A WEARSIDE church has been handed £168,000 of funding to carry out much-needed repairs.
St Andrew’s Church, in Roker, is one of six historic places of worship in the North East to secure a share of £460,000 from the Heritage Lottery Fund (HLF).
The grant will be used for repairs to its early English-Norman clear glazed windows, including frame replacement and the installation of antique glass to replace damaged panes.
The Grade I Listed building, constructed in 1906 and 1907, is considered a “fine example of the Arts and Crafts style”.
The money comes from the Repair Grants for Places of Worship scheme, which is currently funded by HLF and administered by English Heritage.
The other churches to benefit from the scheme are St Andrew’s Church, in County Durham, St Giles Church, Northumberland, and Christ Church and St Matthew’s Church, both in Newcastle.
Ivor Crowther, Head of HLF North East, said: “Historic places of worship form prominent and much loved landmarks in our villages, towns and cities across the North East.
“They are unique buildings that bring local communities together for a variety of reasons from worship through to culture and leisure.
“Since 1994, the HLF has invested more than £500 million into these precious buildings across the UK and with these new grants we aim to ensure even more are secured for future generations to enjoy.”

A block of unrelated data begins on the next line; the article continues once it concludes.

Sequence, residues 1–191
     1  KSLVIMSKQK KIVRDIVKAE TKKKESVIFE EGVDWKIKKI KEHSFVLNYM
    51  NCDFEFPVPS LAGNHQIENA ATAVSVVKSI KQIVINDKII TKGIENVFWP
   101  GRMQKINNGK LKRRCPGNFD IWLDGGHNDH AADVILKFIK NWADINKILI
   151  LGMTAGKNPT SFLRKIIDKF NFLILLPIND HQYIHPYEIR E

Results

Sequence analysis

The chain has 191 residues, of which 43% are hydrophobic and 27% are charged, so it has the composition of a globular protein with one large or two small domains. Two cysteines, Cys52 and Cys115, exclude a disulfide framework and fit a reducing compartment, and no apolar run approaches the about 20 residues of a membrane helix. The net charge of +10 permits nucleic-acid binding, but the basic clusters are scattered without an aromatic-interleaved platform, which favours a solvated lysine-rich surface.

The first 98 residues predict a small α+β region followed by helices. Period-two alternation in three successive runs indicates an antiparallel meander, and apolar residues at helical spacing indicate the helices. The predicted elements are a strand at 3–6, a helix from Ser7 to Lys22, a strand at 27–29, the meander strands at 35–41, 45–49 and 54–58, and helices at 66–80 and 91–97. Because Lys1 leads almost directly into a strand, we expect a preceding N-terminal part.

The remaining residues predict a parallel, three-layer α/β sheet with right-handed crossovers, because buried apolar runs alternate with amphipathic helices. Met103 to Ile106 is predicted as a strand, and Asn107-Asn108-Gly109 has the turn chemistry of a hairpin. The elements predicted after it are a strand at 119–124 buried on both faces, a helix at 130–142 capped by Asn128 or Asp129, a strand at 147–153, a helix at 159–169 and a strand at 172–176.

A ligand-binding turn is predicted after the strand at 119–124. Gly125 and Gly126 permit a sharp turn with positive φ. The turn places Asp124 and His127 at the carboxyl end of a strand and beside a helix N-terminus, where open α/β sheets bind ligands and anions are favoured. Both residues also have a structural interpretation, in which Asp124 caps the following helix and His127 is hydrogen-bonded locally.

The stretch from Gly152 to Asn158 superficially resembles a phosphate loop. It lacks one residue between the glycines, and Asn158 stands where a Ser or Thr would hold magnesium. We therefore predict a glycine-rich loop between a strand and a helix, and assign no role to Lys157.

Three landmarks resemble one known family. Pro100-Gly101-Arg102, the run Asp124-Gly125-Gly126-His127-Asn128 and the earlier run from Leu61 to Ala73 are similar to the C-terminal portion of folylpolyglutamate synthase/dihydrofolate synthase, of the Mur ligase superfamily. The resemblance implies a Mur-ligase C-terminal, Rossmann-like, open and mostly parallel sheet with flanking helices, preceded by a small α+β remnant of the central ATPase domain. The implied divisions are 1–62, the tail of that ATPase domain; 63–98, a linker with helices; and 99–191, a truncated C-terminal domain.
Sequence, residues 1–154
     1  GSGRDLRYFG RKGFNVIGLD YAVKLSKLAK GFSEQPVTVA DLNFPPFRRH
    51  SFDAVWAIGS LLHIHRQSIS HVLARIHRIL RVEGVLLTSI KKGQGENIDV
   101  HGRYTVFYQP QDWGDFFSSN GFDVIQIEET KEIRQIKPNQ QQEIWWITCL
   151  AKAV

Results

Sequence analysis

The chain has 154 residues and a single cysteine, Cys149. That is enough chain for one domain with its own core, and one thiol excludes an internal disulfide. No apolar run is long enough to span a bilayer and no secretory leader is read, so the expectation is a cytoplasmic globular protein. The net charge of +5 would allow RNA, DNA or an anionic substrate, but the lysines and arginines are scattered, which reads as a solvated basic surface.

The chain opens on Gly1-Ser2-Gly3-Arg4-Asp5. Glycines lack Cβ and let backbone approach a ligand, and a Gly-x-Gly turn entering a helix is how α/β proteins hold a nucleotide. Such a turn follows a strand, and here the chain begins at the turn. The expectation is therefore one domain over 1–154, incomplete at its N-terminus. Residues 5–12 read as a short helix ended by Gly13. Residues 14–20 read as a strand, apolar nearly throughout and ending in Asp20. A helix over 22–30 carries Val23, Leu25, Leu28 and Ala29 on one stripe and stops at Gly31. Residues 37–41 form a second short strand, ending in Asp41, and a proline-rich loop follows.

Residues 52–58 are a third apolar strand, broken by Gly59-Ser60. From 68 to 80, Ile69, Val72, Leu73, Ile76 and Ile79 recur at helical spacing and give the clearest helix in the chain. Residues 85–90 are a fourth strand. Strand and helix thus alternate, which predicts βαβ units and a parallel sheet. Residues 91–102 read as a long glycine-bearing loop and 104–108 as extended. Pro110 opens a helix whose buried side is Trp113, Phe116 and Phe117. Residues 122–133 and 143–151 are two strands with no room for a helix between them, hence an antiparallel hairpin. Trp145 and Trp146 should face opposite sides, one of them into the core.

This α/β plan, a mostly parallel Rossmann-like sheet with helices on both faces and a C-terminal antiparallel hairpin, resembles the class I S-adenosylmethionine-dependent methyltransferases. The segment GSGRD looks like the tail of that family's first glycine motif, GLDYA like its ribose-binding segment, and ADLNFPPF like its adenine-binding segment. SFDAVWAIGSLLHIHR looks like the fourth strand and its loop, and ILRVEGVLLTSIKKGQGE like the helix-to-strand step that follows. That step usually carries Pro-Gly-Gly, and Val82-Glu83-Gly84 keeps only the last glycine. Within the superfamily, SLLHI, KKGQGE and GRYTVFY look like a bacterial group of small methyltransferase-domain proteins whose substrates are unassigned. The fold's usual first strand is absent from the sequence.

Carol Pyrah, English Heritage Planning and Conservation director for the North East, said: “Listed places of worship make up an elemental part of the historic fabric of England.
“It is crucial they are cared for and repaired.
“Thanks to the joint working between the Heritage Lottery Fund and English Heritage these wonderful buildings, which mean so much to so many, will remain part of our story for years to come.”
ST Andrew’s Church, in Roker, also known as “The Cathedral of the Arts and Crafts Movement”, is of national and international importance.
In the early 20th century when the seaside resort of Roker was growing, the need for a new church soon followed.
Local shipyard owner John Priestman was the main benefactor and the church, designed by Edward Prior, was built in 1906 and 1907.
Constructed of grey magnesium limestone quarried locally at Marsden, it is 165ft long with a east facing tower over 80ft high.
The church holds many treasures, including William Morris carpets, Ernest Grimson furniture and the painted ceiling in the sanctuary depicting the creation of the sun and stars, which is painted in “egg-tempera”.
There is also an impressive tapestry, by Burne-Jones, behind the main altar.
The subject is the “Adoration of the Magi” based on the Cologne legend and is one of several copies produced.
There are two magnificent stained glass windows in the church – the east window and the Lady Chapel window.